We are still left with the question therefore, whether this city needs TDR or not. In the wake of increasing protests not only from citizens, but also from elected representatives, the verdict appears seems almost clear – no TDR. It remains to be seen how policy makers will respond to this negative demand …

An abridged version of this research piece is published on

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Of property, claimed spaces and accessing the city

June 6th, 2008

It is strange to feel a sense of communion with Bangalore city. In recent times, someone mentioned how he found Bangalore to be a flat city while Bombay was a city thick with stories. Perhaps those stories abound in Bangalore too, but I have isolated myself enough not to recognize them. One such story has been surfacing since the last two days and has gotten me thinking, once again, about space, about accessing the city, about urban land, and about the notions and practices of property.

It is indeed strange to feel a sense of communion with this city, this city which has since sometime been labeled as the epitome of fast paced and messy growth. “It is S. M. Krishna’s fault,” I am told, “He has brought the city to be the way it is today. He sold it to the real estate sharks and to the global land developers.” I wonder whether the story of today’s Bangalore is as simple as this. It is rhetorical to even make such a statement, but what needs to be stated is the fact that the story of this city is yet to be told, in all its thickness and richness. The story of this city is not all flat; it is the story of our times. I will try a little now …

So, it is absolutely strange to feel a sense of communion with this mad city called Bangalore. The airport has moved to 40 kms away from the city. The traffic is as bad as it could be. The city’s drains are already overflowing even with the wee bit of heavy showers. What is becoming of this city? That is the plaint with which civil society movements and organizations started in Bangalore, the city which is overflowing and teeming with the good governance and fight-corruption organizations. But that indeed is a flat paradigm of the city. I am confronted with the question of how do I understand and frame the notion and process of change?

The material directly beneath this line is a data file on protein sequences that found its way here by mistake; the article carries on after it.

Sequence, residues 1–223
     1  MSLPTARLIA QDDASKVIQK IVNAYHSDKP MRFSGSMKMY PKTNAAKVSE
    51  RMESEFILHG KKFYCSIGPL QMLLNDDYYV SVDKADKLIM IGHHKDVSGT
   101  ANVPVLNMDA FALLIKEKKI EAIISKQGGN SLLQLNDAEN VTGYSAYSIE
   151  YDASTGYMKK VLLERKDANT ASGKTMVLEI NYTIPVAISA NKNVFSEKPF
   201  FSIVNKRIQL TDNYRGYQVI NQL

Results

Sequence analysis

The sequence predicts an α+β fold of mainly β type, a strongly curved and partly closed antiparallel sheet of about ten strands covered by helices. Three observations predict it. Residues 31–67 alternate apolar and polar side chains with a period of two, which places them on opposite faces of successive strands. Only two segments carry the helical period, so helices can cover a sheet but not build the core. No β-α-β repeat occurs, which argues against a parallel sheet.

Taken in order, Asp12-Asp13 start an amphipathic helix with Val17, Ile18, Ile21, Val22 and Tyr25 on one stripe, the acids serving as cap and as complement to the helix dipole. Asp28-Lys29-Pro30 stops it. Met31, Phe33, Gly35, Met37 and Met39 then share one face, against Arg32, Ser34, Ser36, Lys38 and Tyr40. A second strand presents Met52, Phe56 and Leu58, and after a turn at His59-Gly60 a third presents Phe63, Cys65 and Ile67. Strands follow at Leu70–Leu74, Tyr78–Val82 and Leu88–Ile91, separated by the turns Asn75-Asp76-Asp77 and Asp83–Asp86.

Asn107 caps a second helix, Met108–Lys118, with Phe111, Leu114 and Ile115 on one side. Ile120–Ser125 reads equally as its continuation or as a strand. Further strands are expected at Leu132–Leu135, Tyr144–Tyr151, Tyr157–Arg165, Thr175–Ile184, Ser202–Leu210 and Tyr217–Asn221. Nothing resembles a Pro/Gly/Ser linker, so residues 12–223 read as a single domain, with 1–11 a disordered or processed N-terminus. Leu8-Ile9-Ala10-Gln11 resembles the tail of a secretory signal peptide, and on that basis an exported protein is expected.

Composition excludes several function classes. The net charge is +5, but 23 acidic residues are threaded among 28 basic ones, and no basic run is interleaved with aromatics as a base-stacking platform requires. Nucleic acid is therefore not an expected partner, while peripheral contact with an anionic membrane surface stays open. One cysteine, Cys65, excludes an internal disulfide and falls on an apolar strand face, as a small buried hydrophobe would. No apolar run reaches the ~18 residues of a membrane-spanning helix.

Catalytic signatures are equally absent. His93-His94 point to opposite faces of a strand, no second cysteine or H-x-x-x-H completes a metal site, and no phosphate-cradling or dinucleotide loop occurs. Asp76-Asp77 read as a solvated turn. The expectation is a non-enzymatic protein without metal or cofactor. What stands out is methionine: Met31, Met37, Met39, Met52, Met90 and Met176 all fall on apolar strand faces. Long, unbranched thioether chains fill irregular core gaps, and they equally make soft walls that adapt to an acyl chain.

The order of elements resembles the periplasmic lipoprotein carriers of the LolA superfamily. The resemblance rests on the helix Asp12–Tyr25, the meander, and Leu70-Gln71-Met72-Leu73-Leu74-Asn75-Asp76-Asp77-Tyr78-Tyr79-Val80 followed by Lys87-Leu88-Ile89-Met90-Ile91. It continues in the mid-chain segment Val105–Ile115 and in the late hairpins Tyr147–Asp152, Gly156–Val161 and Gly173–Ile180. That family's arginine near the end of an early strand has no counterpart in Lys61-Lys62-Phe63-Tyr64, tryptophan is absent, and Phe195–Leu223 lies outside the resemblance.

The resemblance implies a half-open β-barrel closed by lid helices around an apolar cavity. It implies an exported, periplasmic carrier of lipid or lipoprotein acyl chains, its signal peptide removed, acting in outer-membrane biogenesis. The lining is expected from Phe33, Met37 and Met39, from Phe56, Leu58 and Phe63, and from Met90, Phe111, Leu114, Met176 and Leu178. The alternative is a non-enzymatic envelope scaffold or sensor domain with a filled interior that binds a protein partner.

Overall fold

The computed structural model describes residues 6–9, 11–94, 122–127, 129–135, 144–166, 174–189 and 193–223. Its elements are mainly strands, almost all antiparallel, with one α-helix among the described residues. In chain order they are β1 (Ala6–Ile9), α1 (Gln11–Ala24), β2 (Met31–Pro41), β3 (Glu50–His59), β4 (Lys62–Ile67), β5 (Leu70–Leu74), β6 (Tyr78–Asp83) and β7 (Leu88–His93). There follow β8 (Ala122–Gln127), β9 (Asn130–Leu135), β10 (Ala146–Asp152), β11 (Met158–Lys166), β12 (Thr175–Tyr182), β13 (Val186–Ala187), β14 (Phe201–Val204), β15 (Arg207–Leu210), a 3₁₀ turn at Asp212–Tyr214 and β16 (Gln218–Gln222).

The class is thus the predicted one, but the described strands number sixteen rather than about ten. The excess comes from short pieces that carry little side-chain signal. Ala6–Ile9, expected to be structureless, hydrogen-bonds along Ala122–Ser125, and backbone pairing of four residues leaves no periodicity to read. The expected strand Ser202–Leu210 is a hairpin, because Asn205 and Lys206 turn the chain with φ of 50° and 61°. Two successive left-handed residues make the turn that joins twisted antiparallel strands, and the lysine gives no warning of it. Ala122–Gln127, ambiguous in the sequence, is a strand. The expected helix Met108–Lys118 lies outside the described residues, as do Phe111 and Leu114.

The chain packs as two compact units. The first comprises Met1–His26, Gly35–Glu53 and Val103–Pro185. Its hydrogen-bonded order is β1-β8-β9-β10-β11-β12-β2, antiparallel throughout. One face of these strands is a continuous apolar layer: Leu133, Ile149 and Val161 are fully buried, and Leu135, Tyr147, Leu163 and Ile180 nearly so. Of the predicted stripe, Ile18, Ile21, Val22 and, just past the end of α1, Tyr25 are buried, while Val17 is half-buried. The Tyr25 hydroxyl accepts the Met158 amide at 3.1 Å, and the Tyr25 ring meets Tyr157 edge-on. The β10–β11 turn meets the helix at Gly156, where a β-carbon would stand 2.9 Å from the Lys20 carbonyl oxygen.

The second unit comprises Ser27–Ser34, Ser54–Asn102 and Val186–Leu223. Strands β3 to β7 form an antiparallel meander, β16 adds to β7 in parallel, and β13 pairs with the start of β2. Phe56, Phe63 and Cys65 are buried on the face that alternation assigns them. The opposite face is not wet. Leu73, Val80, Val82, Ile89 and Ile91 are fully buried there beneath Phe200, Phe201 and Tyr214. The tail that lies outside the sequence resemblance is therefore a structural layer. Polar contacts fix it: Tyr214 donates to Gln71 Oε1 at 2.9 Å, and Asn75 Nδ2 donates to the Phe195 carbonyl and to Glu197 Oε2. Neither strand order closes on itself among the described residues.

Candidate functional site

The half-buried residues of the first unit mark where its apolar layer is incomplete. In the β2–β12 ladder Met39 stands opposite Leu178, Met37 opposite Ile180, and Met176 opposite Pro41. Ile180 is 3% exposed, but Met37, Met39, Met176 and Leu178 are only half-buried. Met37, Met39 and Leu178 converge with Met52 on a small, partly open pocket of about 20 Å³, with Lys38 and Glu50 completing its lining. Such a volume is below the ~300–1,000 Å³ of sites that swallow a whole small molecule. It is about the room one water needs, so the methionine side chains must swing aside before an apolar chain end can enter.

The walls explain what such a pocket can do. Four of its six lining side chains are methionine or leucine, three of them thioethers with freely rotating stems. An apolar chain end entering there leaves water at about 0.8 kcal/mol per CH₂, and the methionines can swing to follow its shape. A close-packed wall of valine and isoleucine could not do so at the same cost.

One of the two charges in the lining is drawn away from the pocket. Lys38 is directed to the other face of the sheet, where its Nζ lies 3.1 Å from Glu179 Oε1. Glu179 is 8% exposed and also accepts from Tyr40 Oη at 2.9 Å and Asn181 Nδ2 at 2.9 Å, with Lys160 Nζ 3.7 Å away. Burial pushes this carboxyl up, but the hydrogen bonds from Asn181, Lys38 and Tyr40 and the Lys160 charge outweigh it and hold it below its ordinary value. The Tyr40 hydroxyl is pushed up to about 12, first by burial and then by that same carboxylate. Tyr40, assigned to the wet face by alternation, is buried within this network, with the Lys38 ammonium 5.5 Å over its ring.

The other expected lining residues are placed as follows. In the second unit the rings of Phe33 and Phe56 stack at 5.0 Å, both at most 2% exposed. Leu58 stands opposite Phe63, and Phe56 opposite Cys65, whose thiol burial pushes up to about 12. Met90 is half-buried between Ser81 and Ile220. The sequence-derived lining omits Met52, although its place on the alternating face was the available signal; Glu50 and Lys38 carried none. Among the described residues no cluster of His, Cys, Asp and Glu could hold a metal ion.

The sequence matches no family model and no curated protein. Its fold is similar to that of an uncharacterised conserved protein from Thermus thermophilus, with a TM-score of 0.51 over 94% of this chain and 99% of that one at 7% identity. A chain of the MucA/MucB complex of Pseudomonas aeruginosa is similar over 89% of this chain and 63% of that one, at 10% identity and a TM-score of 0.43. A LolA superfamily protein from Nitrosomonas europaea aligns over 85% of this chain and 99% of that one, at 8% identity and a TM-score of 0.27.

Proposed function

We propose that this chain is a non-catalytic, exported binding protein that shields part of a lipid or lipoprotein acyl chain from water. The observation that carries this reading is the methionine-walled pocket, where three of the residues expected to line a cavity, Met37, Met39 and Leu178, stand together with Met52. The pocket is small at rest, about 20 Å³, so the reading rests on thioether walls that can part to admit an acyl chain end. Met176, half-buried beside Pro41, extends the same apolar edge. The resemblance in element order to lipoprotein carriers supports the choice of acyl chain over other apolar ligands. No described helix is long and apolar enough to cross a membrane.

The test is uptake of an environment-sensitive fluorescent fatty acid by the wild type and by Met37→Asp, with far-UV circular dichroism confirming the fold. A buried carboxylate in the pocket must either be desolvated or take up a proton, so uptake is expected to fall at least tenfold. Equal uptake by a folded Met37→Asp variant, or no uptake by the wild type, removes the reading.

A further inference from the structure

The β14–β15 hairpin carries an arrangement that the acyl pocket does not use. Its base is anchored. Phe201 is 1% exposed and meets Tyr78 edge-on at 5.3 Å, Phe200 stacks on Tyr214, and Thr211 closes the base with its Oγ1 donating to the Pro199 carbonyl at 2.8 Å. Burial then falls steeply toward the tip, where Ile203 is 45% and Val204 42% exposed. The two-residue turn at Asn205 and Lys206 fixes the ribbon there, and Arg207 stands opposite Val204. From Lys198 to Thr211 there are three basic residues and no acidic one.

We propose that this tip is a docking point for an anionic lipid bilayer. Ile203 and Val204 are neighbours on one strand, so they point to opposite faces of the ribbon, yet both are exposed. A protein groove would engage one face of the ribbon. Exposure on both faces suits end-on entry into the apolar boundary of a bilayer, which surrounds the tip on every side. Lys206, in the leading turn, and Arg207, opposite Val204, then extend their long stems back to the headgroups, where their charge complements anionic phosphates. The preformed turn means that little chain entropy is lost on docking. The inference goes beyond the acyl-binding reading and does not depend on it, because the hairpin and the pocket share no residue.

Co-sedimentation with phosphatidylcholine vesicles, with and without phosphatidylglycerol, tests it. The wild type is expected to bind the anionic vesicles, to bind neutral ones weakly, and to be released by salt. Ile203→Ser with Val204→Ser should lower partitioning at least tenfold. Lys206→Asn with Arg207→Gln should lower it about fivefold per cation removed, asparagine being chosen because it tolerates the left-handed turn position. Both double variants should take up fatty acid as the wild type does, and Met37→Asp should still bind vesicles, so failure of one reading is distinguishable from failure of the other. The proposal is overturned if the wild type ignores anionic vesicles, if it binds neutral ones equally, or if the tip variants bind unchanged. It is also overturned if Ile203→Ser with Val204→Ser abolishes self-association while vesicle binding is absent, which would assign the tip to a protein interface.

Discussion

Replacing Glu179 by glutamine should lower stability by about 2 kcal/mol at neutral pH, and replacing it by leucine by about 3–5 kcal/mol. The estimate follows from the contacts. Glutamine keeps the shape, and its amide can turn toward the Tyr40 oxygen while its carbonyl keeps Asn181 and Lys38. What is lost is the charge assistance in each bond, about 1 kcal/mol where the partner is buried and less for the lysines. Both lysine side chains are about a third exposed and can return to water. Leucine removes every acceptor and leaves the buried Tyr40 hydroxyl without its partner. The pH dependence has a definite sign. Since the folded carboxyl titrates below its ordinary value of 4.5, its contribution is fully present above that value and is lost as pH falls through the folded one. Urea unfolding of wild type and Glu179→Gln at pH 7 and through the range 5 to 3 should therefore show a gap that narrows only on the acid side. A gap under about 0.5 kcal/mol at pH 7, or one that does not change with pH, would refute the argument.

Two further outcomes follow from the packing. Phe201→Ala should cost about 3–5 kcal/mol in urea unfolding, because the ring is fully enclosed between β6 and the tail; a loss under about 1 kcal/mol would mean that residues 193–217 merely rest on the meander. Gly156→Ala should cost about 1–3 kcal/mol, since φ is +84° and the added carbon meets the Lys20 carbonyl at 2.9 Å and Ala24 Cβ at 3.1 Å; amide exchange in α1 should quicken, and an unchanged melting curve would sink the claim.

Yes, it is indeed strange to feel one with this city, this city that is usually seen as a flat and a doomed-to-fail city. But it is not. It is a city which is at the crossroads of very important trajectories and what defines these trajectories are the contests and conflicts over accessing urban space. I was watching the Majestic area through the windows of the BMTC bus – every nook and corner of Majestic is occupied, legally and illegally. Sometimes, the illegal don’t even know that what they are engaging in is deemed illegal by law and planning. Everyone needs access to space – space, both metaphorically and physically. Booksellers on the footpath, pirated VCDs and pornographic material, bags, shoes, clothes, security services, banking services, pawnbrokers, jewellers, restaurants, hotels, malls at the side of the roadside messiness and occupied spaces – in Bombay they call this cheek by jowl. In Bangalore, I would say that the different times of the city co-exist in Majestic area and beyond. Different groups of people and individuals have occupied space, some nook, some corner, some cranny. And there are occupations and professions that exist in this area which are hidden from the eye but very much located in this geography. Majestic reminds me of a different time in the city. Yes, there are plots on which malls are being constructed in Majestic too and in a few years, the malls will be there unless something drastic happens. But what you see in Majestic is the existence of all kinds of time streams – yesterday, today and tomorrow. That yesterday is not disintegrated from today and tomorrow; it is intimately connected. And that yesterday will be shaped by today and tomorrow just as much as today and tomorrow will be shaped by yesterday. The physicality and the mortality of yesterday may disappear, but yesterday itself cannot disappear. Majestic says this to me as I observe the hectic and frenzied pace of urban space in this part of Bangalore.